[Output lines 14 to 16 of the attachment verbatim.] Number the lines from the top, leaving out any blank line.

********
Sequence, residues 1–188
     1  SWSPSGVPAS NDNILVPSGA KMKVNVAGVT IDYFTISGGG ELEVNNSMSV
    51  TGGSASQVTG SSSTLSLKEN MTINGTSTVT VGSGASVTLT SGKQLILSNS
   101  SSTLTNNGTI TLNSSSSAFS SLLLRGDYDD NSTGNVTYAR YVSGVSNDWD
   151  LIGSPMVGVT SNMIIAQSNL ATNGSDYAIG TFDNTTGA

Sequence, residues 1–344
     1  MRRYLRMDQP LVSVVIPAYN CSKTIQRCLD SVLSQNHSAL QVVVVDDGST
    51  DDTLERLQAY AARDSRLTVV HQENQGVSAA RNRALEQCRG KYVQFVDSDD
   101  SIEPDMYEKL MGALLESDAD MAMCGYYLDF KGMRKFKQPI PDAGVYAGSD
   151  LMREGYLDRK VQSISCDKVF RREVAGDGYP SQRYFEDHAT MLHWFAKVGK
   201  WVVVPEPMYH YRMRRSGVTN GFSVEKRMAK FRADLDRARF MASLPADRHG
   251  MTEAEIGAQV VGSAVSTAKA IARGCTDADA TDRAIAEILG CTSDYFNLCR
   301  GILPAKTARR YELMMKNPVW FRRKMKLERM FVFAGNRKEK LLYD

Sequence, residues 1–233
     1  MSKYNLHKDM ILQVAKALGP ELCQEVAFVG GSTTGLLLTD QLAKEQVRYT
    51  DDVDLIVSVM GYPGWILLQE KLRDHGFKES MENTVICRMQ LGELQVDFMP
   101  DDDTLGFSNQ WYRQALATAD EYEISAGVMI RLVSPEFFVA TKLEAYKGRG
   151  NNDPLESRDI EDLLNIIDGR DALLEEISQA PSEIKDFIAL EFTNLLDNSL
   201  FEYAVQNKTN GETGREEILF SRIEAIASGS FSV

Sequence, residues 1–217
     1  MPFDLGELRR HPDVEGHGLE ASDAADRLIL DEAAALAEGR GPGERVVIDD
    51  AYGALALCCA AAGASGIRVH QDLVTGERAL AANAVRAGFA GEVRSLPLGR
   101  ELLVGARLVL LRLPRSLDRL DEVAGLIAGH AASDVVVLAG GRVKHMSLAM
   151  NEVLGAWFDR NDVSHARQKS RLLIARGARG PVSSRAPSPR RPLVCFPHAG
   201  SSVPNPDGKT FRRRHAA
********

Sequence, residues 1–233
     1  MSKYNLHKDM ILQVAKALGP ELCQEVAFVG GSTTGLLLTD QLAKEQVRYT
    51  DDVDLIVSVM GYPGWILLQE KLRDHGFKES MENTVICRMQ LGELQVDFMP